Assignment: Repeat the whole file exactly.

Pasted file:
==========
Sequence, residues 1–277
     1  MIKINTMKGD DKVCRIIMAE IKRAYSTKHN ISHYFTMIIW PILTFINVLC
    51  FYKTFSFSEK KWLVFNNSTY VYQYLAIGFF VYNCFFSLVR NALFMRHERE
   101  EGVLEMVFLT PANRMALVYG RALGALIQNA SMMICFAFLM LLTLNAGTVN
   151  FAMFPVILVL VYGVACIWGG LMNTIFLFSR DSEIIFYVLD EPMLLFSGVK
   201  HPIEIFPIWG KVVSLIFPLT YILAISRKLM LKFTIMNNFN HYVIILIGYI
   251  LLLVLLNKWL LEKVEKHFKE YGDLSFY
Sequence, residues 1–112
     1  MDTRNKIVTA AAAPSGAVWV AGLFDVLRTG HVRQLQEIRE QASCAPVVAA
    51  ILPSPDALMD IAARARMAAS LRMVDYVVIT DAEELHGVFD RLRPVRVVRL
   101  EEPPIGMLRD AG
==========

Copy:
Sequence, residues 1–277
     1  MIKINTMKGD DKVCRIIMAE IKRAYSTKHN ISHYFTMIIW PILTFINVLC
    51  FYKTFSFSEK KWLVFNNSTY VYQYLAIGFF VYNCFFSLVR NALFMRHERE
   101  EGVLEMVFLT PANRMALVYG RALGALIQNA SMMICFAFLM LLTLNAGTVN
   151  FAMFPVILVL VYGVACIWGG LMNTIFLFSR DSEIIFYVLD EPMLLFSGVK
   201  HPIEIFPIWG KVVSLIFPLT YILAISRKLM LKFTIMNNFN HYVIILIGYI
   251  LLLVLLNKWL LEKVEKHFKE YGDLSFY
Sequence, residues 1–112
     1  MDTRNKIVTA AAAPSGAVWV AGLFDVLRTG HVRQLQEIRE QASCAPVVAA
    51  ILPSPDALMD IAARARMAAS LRMVDYVVIT DAEELHGVFD RLRPVRVVRL
   101  EEPPIGMLRD AG